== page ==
By asking “What is the intelligent edge?” there is also an emphasis on “intelligent.” This focus might generally relate to running computer elements that use AI and try to infer decisions, as in, “this is a weed; this is not a weed,” etc. But some engineers might only want to have a device that offers up “intelligence,” which is something more like this: “I am a temperature sensor and I am telling you that I’m both up and running and that the temperature is 70 degrees” in the normal range. If the sensor stops sending information, that’s intelligence about a bad battery or maybe a malfunction in the sensor or maybe even the entire remote building disappeared or blew up. (Too many wild plot lines are another sign of Covid’s impact.)
Not to quibble here, but “intelligent” is not the same thing as “intelligence.” I think maybe somebody in a marketing office for a big chip maker meant to call the phenomenon “edge intelligence” but the connection was garbled and we are left with “intelligent edge.” However, in truth, both concepts apply to what is happening on that treacherous and remote oceanscape edge, beyond which there be dragons.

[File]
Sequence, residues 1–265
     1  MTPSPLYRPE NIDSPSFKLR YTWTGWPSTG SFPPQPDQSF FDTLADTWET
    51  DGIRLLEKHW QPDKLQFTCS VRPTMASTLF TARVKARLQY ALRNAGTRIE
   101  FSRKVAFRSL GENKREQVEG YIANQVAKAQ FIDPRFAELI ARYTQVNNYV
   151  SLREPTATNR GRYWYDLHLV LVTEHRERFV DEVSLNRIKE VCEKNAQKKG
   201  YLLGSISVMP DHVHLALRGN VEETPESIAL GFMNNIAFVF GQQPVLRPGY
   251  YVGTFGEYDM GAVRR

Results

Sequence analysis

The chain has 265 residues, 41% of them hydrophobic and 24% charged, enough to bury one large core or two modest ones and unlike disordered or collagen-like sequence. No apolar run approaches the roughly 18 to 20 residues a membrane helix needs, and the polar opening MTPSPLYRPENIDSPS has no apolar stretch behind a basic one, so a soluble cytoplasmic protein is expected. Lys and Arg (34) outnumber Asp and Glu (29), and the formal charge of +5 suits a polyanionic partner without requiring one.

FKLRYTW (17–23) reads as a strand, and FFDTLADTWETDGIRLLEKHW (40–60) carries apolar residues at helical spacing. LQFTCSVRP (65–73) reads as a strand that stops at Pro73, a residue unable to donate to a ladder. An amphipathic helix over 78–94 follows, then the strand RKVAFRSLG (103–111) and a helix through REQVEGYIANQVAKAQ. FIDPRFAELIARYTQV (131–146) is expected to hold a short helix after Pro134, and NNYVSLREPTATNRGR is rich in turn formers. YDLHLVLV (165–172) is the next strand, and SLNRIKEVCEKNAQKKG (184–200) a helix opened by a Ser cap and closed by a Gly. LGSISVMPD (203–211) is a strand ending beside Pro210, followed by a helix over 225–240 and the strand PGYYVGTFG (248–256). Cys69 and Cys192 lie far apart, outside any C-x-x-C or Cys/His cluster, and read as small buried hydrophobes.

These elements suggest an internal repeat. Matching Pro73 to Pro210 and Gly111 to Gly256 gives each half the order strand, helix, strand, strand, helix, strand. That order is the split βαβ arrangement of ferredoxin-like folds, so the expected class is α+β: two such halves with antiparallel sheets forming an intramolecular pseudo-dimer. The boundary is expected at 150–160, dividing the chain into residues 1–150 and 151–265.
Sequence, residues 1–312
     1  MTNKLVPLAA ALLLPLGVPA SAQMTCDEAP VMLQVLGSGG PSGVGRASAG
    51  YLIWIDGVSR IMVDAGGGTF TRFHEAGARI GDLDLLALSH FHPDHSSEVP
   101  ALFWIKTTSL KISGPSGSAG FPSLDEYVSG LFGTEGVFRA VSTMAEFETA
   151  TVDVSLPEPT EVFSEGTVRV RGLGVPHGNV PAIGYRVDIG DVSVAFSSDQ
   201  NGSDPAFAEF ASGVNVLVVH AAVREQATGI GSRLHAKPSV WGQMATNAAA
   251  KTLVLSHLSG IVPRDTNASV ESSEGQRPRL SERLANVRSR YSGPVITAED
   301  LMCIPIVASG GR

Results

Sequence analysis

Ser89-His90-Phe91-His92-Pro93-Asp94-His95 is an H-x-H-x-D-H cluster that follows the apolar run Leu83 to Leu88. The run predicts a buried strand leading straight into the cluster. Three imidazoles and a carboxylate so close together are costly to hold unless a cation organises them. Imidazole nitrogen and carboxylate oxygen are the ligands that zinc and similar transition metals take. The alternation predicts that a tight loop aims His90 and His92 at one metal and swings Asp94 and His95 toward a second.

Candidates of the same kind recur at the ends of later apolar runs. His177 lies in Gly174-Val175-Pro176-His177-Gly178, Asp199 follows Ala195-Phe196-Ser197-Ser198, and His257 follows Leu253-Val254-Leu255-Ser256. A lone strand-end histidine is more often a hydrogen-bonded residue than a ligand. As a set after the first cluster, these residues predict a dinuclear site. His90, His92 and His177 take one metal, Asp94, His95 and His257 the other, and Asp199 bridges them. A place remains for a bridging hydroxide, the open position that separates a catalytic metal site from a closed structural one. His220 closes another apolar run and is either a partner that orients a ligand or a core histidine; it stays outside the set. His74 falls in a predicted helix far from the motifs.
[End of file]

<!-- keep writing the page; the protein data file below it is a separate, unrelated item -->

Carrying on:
Also, the edge doesn’t have to be in a remote far-away place. It could be a number of machines in a manufacturing plant just behind the offices but far from normal, old-fashioned connections to networks and power. Again, that’s where monitoring of data is kept close to the data creators, like a machine making precision parts that is monitored with a high res camera and the AI decides what images to store based on finding anomalies. Or, the edge could literally be that big concrete drop-off between the offices and the plant that the executives never seem to want to jump across. Maybe edge is less a place than a state of mind-- an engineer’s mind, to boot. (Deep, eh?)